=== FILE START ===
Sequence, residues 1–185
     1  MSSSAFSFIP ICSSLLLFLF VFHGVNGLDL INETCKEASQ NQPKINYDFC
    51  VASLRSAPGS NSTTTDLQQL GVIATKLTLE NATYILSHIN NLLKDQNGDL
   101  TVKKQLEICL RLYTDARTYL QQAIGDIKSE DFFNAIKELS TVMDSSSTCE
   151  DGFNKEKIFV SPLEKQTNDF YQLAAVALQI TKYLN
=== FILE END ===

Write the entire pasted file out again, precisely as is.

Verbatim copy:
Sequence, residues 1–185
     1  MSSSAFSFIP ICSSLLLFLF VFHGVNGLDL INETCKEASQ NQPKINYDFC
    51  VASLRSAPGS NSTTTDLQQL GVIATKLTLE NATYILSHIN NLLKDQNGDL
   101  TVKKQLEICL RLYTDARTYL QQAIGDIKSE DFFNAIKELS TVMDSSSTCE
   151  DGFNKEKIFV SPLEKQTNDF YQLAAVALQI TKYLN